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Bill sets tougher varsity entry rules

New Delhi, Dec. 28: The government today introduced a bill to set up an overarching body in higher education, taking a step towards its promise of an apex regulator that would subsume existing ones and set tougher conditions for starting new institutions.

Tabled in the Rajya Sabha by human resource development minister Kapil Sibal, the Higher Education and Research Bill seeks to set up a National Commission for Higher Education and Research (NCHER), which would regulate all streams of higher education except medicine and agriculture.

The proposed entity will subsume existing regulators like the University Grants Commission (UGC), the All India Council of Technical Education (AICTE) and the National Council of Teacher Education (NCTE).

The bill includes a provision that makes it essential for any new institution central or state to seek approval from the NCHER for enrolling the first batch of students. The condition will also apply to private institutions.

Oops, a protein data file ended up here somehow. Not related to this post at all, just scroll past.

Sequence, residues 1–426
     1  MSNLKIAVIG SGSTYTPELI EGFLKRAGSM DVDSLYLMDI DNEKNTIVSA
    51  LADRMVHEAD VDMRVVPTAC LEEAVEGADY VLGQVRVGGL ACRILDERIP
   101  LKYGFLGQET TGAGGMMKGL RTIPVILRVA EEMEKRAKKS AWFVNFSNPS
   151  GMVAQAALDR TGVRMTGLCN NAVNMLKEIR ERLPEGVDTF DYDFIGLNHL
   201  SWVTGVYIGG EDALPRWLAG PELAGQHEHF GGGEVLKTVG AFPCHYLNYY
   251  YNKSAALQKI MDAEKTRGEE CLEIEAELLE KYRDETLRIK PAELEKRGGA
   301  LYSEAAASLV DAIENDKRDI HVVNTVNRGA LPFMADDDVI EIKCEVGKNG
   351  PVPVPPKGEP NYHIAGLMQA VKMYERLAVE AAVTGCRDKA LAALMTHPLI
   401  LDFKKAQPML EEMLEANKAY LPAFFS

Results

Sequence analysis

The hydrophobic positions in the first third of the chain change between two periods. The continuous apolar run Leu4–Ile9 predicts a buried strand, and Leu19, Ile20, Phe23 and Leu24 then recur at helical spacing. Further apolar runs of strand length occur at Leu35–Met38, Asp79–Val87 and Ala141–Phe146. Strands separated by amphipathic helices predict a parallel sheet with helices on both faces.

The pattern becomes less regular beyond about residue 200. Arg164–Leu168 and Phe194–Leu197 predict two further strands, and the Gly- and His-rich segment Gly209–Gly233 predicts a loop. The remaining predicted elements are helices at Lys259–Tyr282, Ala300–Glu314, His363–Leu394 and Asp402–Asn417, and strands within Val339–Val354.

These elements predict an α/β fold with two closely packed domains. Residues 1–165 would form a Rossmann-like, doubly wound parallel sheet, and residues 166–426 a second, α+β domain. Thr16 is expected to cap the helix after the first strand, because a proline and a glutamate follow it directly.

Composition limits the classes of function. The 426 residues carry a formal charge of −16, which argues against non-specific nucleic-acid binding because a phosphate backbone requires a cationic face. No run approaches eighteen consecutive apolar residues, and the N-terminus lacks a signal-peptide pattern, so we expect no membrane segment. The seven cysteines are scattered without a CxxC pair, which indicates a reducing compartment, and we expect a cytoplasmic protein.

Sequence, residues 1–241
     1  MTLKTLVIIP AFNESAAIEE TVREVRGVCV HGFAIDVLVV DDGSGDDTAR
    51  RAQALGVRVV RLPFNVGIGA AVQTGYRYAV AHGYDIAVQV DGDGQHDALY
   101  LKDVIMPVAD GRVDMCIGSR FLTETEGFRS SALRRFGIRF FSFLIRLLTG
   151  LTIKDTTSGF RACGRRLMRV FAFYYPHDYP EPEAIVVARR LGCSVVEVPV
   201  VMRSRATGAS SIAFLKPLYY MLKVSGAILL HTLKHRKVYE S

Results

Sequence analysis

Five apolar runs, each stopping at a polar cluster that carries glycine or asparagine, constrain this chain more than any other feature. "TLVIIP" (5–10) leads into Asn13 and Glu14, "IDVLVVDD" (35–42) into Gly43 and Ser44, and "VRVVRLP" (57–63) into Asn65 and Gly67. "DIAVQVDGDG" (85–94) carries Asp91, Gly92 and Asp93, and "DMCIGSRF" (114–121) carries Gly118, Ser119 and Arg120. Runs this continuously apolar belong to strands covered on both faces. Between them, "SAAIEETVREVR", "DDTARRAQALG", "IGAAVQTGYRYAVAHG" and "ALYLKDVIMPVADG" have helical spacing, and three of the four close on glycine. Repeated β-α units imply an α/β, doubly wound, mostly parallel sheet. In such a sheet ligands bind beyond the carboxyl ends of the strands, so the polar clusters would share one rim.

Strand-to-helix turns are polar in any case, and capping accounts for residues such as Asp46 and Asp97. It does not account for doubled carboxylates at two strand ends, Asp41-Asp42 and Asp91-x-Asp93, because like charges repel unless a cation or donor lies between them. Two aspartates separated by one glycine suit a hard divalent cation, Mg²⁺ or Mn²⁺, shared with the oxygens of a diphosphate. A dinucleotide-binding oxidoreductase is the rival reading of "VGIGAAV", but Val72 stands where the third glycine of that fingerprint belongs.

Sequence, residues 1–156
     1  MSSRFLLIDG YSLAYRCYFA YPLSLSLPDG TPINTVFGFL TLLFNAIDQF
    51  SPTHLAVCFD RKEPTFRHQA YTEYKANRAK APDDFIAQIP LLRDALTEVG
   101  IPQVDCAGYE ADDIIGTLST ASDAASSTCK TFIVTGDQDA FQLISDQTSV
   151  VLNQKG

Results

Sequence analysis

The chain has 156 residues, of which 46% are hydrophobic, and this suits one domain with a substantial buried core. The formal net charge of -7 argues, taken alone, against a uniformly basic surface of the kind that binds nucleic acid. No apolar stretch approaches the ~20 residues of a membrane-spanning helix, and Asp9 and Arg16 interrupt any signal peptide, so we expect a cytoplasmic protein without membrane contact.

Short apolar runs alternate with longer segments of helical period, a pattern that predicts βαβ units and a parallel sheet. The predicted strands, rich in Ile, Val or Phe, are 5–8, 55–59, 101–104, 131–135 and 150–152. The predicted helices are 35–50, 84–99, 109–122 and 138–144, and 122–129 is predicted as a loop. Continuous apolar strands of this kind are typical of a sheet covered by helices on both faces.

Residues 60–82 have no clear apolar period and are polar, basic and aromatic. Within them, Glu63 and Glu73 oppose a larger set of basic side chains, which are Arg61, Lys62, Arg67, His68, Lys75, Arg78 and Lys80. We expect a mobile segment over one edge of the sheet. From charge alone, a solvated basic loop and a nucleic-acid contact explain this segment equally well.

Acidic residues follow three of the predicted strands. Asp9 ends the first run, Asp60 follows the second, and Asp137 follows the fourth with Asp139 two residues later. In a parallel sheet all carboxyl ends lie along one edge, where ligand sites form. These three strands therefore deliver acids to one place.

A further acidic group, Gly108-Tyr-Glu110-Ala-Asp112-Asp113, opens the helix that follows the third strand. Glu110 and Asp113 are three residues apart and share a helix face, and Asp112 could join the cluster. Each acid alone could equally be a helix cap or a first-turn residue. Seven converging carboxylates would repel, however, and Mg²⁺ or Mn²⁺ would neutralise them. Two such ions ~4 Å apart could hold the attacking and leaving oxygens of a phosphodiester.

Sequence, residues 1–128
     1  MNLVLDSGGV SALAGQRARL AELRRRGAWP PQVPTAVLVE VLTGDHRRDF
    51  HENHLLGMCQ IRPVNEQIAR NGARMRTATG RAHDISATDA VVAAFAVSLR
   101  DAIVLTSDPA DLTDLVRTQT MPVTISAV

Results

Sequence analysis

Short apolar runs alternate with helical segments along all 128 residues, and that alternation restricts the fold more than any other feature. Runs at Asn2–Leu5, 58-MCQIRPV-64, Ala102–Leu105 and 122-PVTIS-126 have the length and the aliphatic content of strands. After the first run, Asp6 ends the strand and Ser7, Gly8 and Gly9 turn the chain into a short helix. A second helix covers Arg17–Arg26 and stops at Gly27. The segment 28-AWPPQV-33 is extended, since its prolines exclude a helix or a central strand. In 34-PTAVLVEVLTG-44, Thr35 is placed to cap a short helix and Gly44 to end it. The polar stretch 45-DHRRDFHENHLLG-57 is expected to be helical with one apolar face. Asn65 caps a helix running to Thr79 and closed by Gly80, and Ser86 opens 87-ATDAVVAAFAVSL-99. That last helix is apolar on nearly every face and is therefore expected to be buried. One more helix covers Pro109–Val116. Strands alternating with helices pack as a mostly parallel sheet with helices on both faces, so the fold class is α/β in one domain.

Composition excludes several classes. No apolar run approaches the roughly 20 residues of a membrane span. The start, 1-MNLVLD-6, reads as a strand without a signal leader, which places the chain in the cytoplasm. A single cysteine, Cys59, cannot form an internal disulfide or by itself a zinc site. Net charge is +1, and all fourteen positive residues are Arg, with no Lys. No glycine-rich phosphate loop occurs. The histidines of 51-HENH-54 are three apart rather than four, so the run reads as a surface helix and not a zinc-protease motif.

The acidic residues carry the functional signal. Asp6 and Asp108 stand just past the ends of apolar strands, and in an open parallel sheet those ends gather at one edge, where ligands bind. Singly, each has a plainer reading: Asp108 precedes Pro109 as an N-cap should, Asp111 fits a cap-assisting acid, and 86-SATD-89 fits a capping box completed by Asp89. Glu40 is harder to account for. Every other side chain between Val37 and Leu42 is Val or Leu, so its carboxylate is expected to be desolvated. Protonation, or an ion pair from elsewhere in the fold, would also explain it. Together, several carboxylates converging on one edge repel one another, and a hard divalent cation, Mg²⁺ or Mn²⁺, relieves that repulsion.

The approval would be given only after the institute gets accreditation from the proposed National Accreditation Regulatory Authority.

The government has introduced a separate bill for creating this authority, which will give accreditation on the basis of infrastructure facilities and faculty available at the institute.

By linking approval to accreditation, the government, sources said, wanted to make it clear that new institutions could enrol students only after they fulfilled basic infrastructure and faculty requirements.

So far, there has hardly been any such condition for state governments to open new institutions. As education is on the concurrent list of the Constitution, states have been enjoying full freedom to start new universities without seeking approval from the Centre or any central regulatory body.

A statement issued by the HRD ministry said: “These provisions have been made on account of the experience of the government that some institutions open and enrol students without having the basic minimum infrastructure and facilities, and later when stringent action is taken by the regulatory agencies to close down the institution, students are made to suffer for the actions of the managements.”

The NCHER will frame guidelines for funding universities, deemed universities and undergraduate colleges. The proposed legislation will repeal the UGC Act 1956, AICTE Act 1987 and the NCTE Act of 1993.

The NCHER will work in collaboration with the proposed National Commission for Higher Education in Health to prepare research framework in medical education.

The bill was moved two-and-a-half years after the President’s June 4, 2009, address to Parliament declared the government’s intent to establish an overarching body in higher education to reform the current regulatory structure.